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Although Vanderbilt kept his own businesses running, he became Gibbons's business manager. Though both Livingston and Fulton had died by the time Vanderbilt started working for Gibbons, the monopoly was held by Livingston's heirs.
Gibbons launched his steamboat venture because of a personal dispute with Ogden, whom he hoped to drive into bankruptcy.
To accomplish this, he undercut prices and also brought a landmark legal case — Gibbons v. Ogden — to the United States Supreme Court to overturn the monopoly.
There his wife Sophia operated a very profitable inn, using the proceeds to feed, clothe and educate their children. Vanderbilt also proved a quick study in legal matters, representing Gibbons in meetings with lawyers.
He also went to Washington, D. Vanderbilt appealed his own case against the monopoly to the Supreme Court, which was next on the docket after Gibbons v. The Court never heard Vanderbilt's case, because on March 2,it ruled in Gibbons' favor, saying that states had no power to interfere with interstate commerce.
The case is still considered a landmark ruling. The protection of competitive interstate commerce is considered the basis for much of the prosperity which the United States has generated. Though he had always run his own businesses on the side, he now worked entirely for himself.
Step by step, he started lines between New York and the surrounding region. That year he faced opposition by a steamboat operated by Daniel Drewwho forced Vanderbilt to buy him out.
Impressed, Vanderbilt became a secret partner with Drew for the next thirty years, so that the two men would have an incentive to avoid competing with each other.
Also on the train was former president John Quincy Adams. Using the name "The People's Line," he used the populist language associated with Democratic president Andrew Jackson to get popular support for his business.
At the end of the year, the monopoly paid him a large amount to stop competing, and he switched his operations to Long Island Sound.
They processed cotton from the Deep South, so were directly tied to the slave societies. By the end of the decade, Vanderbilt dominated the steamboat business on the Sound, and began to take over management of the connecting railroads.
In the s, he launched a campaign to take over the most attractive of these lines, the New York, Providence and Boston Railroadpopularly known as the Stonington. By cutting fares on competing lines, Vanderbilt drove down the Stonington stock price, and took over the presidency of the company in It was the first of the many railroads he would head.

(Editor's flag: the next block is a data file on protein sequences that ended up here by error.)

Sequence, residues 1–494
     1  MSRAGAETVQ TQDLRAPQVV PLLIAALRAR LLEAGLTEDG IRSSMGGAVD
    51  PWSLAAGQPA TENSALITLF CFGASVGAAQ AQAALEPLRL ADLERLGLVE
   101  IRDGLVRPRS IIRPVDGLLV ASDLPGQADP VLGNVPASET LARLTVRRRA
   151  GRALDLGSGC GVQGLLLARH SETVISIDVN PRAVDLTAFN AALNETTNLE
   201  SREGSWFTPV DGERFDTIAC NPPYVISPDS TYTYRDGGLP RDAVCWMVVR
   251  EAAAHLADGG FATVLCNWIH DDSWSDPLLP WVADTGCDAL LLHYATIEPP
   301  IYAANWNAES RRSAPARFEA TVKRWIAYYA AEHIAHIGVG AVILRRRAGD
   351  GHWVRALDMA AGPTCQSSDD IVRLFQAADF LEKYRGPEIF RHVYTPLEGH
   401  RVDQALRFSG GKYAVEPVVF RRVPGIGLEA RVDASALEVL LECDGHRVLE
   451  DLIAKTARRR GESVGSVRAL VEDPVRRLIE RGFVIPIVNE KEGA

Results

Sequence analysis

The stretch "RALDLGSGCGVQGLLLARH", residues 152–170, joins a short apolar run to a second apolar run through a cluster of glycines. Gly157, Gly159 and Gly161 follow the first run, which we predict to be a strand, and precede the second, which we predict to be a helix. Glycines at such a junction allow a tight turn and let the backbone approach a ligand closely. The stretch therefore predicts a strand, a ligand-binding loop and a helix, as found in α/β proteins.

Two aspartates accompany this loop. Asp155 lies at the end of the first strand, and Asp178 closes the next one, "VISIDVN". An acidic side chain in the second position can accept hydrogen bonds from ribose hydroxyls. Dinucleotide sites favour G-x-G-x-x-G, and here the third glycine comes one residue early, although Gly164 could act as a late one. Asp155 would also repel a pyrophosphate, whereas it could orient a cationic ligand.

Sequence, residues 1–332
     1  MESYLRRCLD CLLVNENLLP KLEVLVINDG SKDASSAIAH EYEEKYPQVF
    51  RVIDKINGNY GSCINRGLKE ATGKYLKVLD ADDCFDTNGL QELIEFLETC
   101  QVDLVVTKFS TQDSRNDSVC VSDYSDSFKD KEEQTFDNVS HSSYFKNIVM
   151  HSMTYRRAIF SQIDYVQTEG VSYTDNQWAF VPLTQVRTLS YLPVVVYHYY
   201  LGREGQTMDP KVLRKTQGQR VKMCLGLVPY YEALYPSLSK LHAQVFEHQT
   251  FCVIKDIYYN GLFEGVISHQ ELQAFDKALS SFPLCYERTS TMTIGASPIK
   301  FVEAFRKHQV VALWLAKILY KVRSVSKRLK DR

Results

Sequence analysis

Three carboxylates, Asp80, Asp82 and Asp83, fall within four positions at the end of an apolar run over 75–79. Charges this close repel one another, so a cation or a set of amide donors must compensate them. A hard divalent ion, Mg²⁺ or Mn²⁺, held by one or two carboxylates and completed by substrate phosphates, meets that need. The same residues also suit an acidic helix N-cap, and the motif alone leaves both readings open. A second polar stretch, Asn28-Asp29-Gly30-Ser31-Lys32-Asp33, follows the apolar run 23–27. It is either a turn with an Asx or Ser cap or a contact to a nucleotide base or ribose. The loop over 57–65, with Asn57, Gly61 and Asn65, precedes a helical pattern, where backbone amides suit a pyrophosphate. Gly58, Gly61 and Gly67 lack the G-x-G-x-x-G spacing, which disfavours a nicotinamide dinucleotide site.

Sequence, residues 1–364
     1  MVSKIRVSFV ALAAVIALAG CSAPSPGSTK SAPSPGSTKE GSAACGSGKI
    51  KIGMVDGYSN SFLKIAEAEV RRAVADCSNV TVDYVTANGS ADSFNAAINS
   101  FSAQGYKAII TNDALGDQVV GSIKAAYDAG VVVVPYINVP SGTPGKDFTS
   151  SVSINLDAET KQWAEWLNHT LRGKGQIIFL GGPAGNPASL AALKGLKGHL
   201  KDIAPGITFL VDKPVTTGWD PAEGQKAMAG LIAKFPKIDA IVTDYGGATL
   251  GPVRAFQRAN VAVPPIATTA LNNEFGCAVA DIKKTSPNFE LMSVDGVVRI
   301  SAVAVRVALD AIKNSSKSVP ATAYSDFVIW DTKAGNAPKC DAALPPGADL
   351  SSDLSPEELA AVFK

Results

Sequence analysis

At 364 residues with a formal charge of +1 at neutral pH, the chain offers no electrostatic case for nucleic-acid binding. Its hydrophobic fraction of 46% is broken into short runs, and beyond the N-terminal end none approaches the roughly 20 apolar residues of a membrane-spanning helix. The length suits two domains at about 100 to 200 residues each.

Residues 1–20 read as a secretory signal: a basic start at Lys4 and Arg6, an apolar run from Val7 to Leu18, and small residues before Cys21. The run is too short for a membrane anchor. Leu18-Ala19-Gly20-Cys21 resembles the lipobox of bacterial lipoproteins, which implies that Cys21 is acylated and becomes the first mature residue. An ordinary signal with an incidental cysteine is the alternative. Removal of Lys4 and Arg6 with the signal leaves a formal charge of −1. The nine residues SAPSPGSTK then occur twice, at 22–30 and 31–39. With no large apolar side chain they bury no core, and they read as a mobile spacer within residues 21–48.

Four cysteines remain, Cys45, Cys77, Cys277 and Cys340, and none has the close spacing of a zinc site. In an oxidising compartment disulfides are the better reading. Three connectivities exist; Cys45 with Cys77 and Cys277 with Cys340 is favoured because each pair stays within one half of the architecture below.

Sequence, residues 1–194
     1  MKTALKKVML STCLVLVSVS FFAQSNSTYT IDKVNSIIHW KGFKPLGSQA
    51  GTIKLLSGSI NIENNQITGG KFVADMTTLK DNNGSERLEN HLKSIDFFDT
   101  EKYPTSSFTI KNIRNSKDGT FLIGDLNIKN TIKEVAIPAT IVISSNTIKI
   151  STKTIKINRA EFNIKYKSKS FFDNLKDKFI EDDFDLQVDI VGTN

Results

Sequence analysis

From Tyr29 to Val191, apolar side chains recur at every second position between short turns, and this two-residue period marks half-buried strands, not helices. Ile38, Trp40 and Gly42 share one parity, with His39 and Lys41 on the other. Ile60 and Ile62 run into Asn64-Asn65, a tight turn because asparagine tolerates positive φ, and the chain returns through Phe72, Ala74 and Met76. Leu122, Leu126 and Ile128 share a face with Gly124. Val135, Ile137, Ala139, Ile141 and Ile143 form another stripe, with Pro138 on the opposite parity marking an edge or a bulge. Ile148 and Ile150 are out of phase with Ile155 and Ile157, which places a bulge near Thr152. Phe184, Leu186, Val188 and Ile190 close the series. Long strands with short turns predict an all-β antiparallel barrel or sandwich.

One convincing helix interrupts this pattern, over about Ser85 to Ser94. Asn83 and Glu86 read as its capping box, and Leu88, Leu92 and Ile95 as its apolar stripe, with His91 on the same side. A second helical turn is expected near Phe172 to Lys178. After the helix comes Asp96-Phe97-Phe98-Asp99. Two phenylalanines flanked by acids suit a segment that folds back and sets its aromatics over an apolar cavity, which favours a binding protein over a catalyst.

It was in the s when he was first referred to as "commodore," then the highest rank in the United States Navy. A common nickname for important steamboat entrepreneurs, by the end of the s, only Vanderbilt was referred to by this nickname.A gripping, groundbreaking biography of the combative man whose genius and force of will creaed modern capitalism.
Founder of a dynasty, builder of the original Grand Central, creator of an impossibly vast fortune, Cornelius “Commodore” Vanderbilt is an American icon.
Watch video · Cornelius Vanderbilt Biography Business Leader, Philanthropist (–) Cornelius Vanderbilt was a famous industrialist who worked in railroads and shipping. Cornelius Vanderbilt II was an American socialite, heir, businessman, and a member of the prominent United States Vanderbilt family.
He was the favorite grandson of Commodore Cornelius Vanderbilt, who left him $5 million, and the eldest son of William Henry "Billy" Vanderbilt (who left him close to $70 million) and Maria Louisa rutadeltambor.com: Nov 27, Cornelius Vanderbilt was an American business tycoon and philanthropist known for amassing his fortune in railroads and shipping.
One of the richest persons in the history of United States, Vanderbilt is most recognized for building the New York Central rutadeltambor.com Of Birth: Staten Island.
William Henry Vanderbilt I (May 8, – December 8, ) was an American businessman and a member of the prominent Vanderbilt family. William Vanderbilt was born in New Brunswick, New Jersey in He inherited nearly $ million from his father, railroad mogul and family patriarch "The.
Cornelius Vanderbilt (), American steamship and railroad builder, executive, and promoter, transferred his attention from boating to railroads in his later years. He .